Bijomaru (Jo Odagiri) is a bizarre, sword-wielding, yet strangely camp foe, sort of the answer to Azumi's woman in a man's world character for being a pink eye-shadow wearing, shrieking man in a woman's costume. We look forward to see him get his comeuppance at the hands of Azumi, because he's slicing his way through her companions. Azumi tries to resist her destiny, making the acquaintance of a travelling player, Yae (Aya Okamoto), who teaches her to dress and act as a lady, but the arrival of bandits puts Azumi back on the path of violence, despite her reservations. She must complete her mission, no matter what the cost. A handsome looking, fast paced film, Azumi doesn't really shake off the clich├ęs, but does build to a spectacular climax with the heroine taking on two hundred swordsmen (eat your heart out, Kill Bill), and never it drags. The ending is left open for a sequel. Music by Taro Iwashiro.
Reviewer: Graeme Clark

 

This review has been viewed 12391 time(s).

As a member you could Rate this film

 

Ryuhei Kitamura  (1969 - )

Talented, prolific Japanese director heavily influenced by 80s horror and action movies, Kitamura makes films in a hyper-kinetic style that favours visceral excitement over tight plotting and character development. His samurai/zombie/yakuza debut Versus was a big festival hit, while subsequent films like Alive, Sky High and the period swashbuckler Azumi provide similar thrills. In 2004 directed the 28th film in the Godzilla series - Godzilla: Final Wars - then the neglected Clive Barker adaptation Midnight Meat Train, with Versus 2 long promised.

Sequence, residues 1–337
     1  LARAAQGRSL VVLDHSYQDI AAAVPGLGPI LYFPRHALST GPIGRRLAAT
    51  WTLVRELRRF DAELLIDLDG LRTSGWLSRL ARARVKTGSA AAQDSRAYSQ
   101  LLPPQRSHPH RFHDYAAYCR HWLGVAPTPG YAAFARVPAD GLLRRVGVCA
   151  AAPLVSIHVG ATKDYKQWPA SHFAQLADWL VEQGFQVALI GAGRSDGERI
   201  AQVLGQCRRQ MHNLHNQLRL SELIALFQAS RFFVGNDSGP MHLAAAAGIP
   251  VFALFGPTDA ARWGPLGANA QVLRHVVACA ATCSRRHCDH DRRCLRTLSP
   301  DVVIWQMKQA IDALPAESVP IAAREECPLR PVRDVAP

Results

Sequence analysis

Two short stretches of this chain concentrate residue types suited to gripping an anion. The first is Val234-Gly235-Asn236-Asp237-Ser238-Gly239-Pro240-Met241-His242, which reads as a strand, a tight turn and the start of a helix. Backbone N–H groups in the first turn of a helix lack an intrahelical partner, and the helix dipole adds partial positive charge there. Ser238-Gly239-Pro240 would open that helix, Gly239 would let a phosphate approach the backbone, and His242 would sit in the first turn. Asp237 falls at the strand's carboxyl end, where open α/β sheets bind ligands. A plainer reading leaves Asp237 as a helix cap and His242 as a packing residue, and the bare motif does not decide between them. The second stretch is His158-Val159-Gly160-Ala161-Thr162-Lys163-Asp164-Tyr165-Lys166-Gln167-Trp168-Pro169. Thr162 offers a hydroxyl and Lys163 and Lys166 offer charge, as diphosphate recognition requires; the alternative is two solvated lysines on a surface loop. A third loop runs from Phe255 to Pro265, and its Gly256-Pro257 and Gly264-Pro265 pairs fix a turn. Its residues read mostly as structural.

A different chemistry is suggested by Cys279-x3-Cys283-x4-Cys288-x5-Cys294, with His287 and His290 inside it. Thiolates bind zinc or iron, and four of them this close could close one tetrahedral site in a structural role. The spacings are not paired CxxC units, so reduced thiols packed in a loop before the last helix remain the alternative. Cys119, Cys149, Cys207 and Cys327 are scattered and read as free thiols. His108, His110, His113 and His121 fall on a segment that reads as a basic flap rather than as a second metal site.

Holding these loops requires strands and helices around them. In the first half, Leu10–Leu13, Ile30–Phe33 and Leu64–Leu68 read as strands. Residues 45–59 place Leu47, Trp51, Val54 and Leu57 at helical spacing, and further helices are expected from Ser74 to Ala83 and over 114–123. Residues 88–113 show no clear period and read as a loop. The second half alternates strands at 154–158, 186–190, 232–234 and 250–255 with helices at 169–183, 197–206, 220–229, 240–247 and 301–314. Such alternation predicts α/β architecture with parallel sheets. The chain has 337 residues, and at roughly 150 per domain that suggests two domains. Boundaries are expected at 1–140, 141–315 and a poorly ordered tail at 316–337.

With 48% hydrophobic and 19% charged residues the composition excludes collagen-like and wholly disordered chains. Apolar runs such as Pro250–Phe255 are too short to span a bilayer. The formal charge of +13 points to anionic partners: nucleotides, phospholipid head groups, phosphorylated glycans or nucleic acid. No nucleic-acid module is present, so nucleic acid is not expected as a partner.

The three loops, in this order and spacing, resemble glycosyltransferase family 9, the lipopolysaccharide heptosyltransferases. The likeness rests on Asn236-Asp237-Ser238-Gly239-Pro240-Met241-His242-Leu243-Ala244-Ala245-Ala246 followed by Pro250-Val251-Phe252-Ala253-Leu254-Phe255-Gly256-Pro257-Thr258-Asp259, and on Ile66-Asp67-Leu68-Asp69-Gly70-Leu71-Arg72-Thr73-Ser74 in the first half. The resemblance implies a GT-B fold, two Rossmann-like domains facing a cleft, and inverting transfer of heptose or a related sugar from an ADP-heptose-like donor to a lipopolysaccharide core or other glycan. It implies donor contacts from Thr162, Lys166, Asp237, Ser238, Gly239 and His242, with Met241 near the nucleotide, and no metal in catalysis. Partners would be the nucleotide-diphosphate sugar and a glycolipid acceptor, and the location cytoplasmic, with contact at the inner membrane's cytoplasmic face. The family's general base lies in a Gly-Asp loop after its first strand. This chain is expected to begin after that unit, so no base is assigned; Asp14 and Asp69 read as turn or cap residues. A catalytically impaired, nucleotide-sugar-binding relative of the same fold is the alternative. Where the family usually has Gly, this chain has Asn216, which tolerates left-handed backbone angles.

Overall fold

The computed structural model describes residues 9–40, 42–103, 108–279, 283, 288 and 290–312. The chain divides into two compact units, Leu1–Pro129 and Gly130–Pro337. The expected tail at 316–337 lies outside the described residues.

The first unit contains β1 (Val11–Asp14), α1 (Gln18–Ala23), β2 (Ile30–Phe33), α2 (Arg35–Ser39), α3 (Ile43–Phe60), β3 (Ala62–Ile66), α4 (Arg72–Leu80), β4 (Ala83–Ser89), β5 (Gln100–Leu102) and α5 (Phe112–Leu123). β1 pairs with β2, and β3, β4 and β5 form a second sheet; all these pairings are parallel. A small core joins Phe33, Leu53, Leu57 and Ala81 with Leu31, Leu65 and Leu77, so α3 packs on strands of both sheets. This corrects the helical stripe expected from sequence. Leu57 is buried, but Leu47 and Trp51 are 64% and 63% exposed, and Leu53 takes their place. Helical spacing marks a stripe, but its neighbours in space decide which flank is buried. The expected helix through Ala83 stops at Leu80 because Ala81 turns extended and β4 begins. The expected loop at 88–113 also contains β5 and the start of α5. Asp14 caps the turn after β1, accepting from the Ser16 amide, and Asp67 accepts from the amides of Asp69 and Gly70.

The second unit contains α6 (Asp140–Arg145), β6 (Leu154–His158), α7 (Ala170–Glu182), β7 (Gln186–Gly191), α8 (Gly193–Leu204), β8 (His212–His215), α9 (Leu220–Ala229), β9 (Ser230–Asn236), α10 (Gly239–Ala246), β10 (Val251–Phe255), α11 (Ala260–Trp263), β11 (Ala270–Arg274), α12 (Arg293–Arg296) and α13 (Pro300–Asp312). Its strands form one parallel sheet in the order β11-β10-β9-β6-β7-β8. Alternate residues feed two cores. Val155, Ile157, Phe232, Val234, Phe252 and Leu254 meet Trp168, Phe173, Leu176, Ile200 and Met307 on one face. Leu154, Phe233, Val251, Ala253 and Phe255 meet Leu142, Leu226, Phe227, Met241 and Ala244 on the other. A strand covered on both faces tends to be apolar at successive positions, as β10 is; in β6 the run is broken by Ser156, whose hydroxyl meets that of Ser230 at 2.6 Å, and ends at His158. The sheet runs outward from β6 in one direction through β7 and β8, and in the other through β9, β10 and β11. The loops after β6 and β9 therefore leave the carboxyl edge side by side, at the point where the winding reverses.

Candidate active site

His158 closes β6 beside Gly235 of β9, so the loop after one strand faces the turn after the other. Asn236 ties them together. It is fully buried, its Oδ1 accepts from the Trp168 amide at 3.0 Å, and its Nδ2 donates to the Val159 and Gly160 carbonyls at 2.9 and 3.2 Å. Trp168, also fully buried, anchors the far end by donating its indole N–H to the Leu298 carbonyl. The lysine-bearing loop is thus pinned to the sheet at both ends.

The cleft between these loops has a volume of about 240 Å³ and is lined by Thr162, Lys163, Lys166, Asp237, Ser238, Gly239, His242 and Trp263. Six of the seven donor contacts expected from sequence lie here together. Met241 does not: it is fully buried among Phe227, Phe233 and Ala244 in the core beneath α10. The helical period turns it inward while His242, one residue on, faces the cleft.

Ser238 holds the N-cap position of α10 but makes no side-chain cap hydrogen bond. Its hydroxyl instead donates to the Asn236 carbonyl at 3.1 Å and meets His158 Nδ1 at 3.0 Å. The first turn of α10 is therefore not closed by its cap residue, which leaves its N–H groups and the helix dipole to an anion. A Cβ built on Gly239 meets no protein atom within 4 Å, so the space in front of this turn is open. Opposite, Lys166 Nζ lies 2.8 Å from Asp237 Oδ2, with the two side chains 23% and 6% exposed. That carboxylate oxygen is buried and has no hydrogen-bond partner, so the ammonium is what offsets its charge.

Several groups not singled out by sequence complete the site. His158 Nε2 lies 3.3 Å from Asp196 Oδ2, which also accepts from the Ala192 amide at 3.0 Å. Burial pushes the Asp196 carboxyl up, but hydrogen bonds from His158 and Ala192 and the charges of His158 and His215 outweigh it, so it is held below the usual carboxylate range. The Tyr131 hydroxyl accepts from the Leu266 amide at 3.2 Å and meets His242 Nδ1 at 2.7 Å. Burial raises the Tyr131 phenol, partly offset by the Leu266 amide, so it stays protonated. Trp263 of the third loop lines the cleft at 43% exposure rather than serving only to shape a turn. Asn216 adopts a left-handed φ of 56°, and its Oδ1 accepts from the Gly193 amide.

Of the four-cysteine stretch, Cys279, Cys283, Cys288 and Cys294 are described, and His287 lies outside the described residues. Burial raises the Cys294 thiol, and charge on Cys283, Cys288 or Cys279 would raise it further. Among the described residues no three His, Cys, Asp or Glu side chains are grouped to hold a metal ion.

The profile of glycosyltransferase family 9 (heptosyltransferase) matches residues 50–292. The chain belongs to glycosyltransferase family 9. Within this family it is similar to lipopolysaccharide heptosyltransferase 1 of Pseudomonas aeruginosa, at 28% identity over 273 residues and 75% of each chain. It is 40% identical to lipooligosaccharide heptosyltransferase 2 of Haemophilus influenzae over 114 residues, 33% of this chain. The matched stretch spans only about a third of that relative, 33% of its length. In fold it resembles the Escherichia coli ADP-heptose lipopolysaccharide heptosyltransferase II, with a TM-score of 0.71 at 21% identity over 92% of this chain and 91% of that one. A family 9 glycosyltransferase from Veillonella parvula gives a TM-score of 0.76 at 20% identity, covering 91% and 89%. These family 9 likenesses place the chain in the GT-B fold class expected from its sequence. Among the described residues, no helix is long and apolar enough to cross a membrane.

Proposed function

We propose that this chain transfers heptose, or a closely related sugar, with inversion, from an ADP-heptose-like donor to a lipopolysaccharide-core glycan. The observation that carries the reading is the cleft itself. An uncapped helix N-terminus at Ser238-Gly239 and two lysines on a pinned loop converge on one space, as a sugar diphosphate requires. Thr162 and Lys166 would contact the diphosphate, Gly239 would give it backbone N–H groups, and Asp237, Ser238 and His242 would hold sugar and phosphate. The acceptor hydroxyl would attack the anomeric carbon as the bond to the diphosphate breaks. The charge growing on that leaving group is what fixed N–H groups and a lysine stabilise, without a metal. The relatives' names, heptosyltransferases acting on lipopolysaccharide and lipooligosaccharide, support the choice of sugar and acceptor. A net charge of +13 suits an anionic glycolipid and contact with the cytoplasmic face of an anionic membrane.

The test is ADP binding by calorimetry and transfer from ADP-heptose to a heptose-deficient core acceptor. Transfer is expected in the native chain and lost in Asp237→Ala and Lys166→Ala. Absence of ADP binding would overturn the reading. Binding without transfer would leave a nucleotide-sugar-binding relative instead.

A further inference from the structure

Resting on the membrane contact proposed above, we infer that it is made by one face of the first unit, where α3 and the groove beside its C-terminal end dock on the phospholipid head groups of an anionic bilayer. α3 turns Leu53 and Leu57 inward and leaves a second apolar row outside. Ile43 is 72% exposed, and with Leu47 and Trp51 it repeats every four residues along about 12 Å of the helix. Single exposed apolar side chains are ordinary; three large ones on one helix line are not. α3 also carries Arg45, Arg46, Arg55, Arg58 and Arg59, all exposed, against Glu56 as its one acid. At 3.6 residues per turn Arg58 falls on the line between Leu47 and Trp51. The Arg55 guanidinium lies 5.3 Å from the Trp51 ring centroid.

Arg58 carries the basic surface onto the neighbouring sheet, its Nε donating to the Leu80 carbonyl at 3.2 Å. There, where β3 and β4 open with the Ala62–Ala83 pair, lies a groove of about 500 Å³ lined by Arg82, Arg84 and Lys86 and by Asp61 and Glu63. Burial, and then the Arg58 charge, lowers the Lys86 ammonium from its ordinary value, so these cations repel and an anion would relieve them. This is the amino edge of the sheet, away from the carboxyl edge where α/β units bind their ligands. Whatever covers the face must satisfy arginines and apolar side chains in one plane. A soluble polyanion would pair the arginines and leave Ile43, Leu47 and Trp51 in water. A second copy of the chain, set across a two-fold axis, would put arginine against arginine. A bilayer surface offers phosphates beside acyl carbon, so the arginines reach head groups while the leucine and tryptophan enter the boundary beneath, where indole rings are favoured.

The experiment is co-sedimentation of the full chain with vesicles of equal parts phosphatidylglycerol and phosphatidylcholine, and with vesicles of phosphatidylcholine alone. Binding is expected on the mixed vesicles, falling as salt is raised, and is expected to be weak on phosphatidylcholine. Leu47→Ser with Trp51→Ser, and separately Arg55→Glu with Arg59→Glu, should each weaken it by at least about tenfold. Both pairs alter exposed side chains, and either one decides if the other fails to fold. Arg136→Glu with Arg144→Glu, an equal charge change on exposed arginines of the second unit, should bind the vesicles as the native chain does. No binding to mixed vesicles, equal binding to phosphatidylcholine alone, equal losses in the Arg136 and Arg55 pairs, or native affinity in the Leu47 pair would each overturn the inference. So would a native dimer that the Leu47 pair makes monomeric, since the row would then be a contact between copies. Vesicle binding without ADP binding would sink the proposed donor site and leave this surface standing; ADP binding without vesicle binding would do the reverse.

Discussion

Review Comments (0)


Untitled 1

Login
  Username:
 
  Password:
 
   
 
Forgotten your details? Enter email address in Username box and click Reminder. Your details will be emailed to you.
   

Latest Poll
Which star is the best at shouting?
Arnold Schwarzenegger
Brian Blessed
Tiffany Haddish
Steve Carell
Olivia Colman
Captain Caveman
Sylvester Stallone
Gerard Butler
Samuel L. Jackson
Bipasha Basu
   
 
   

Recent Visitors
Graeme Clark
Darren Jones
Paul Smith
Andrew Pragasam
  Lee Fiveash
  Mick Stewart
Enoch Sneed
  Dsfgsdfg Dsgdsgsdg
   

 

Last Updated: